Cave

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SADDIQ DZUKOGI

 
 

Half a mile from the masjid, the wails of gunshot

filter through a fluttering wind. I am afraid

of the moist caves bullets carve on skin.

Walk inside a wound.

Slip your body inside that space, damp

and covered in blood—

pain’s rust, twirled like drape, a fistful

of metal delivered straight into my chest,

until what the heart conceals

pours out as salt and water, the deepening

stars in your face.

I went to the masjid,

found all those who have gone in to pray

under a tree turned into shoes,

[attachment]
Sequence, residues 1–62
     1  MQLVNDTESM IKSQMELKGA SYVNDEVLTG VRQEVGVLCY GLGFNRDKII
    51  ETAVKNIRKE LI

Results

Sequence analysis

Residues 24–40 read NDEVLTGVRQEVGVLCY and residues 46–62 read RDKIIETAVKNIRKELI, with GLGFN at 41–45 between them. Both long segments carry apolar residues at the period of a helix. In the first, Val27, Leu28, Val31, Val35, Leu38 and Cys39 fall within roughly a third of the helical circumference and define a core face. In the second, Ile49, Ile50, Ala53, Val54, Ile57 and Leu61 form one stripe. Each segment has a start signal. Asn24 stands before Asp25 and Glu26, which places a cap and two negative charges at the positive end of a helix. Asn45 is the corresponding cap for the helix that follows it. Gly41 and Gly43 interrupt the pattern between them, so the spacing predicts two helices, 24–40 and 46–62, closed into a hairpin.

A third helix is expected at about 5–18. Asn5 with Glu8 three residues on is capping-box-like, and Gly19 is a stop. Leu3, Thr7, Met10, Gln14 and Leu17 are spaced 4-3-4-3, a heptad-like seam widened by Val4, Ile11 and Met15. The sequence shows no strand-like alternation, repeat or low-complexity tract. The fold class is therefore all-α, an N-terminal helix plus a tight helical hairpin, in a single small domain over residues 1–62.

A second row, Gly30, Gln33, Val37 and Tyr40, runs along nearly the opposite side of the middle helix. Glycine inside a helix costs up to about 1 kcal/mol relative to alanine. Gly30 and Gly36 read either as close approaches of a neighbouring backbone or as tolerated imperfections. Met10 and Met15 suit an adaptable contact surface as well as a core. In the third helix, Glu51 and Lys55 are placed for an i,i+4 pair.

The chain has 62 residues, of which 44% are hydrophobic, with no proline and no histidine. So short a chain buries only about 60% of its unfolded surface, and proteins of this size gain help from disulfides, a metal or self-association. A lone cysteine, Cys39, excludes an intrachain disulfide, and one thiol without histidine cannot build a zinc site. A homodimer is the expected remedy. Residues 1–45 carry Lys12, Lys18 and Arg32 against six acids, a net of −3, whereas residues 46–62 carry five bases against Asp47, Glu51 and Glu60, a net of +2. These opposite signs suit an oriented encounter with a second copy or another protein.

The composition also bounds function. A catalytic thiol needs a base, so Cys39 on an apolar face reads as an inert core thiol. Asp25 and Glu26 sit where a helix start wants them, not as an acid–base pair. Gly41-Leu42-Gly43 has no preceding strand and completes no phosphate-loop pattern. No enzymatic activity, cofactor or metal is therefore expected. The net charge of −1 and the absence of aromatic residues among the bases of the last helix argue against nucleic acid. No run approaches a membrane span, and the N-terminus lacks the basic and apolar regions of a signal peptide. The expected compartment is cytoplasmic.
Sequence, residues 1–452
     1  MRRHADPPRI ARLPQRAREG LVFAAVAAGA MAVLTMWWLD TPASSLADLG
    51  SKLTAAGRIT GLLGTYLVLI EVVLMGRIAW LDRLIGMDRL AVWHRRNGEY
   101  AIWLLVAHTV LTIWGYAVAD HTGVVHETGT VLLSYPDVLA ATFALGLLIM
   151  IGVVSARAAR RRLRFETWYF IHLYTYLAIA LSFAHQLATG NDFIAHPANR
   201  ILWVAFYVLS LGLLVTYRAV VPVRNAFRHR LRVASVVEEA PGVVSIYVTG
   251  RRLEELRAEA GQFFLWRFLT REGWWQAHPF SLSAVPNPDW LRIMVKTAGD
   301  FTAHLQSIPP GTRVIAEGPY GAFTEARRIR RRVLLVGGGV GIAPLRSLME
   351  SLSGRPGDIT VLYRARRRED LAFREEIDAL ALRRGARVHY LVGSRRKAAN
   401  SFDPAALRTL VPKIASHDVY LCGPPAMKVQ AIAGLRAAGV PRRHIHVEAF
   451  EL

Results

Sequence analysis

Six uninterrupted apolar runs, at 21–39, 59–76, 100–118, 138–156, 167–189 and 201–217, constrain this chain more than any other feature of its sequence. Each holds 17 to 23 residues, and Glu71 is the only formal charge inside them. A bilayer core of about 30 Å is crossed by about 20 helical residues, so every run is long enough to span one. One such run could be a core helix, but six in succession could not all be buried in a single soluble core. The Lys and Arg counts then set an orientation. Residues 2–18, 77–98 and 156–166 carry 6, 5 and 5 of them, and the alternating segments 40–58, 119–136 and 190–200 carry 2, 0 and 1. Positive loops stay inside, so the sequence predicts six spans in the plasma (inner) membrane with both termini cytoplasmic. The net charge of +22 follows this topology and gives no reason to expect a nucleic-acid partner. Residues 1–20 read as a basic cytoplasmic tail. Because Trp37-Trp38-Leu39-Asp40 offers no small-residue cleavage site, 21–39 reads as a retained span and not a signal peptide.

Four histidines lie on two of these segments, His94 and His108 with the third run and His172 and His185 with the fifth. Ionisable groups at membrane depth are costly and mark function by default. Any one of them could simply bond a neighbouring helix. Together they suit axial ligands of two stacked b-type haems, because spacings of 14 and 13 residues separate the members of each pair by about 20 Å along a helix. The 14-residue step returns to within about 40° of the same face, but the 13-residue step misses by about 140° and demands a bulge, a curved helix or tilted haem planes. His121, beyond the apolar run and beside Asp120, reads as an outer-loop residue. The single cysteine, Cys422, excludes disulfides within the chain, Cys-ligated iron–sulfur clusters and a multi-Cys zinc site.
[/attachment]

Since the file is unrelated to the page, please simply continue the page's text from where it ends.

heel worn, worked and covered with dust. The earth

is inheritable with the pain of seeing the dead

weave silence into a path

out of this world.

I manipulate memory so my daughter is in two places,

dead in the makabarta and alive

in my heart.

Observe my mouth. It stretches songs

that refuse to leave.

It girds my pain like a ship

in a snowstorm. No healing exists

beneath the ground. We suffer

only the weight of the living, and a sea of longings

below the darkness of deep water.

In six days the wound of loss will reopen and bleed

and clot and bleed and clot

until I can only pretend healing

or to smile in a way that it is not in my heart

the next time I walk into the masjid

knowing the bullet

drags me closer to God than to prayers.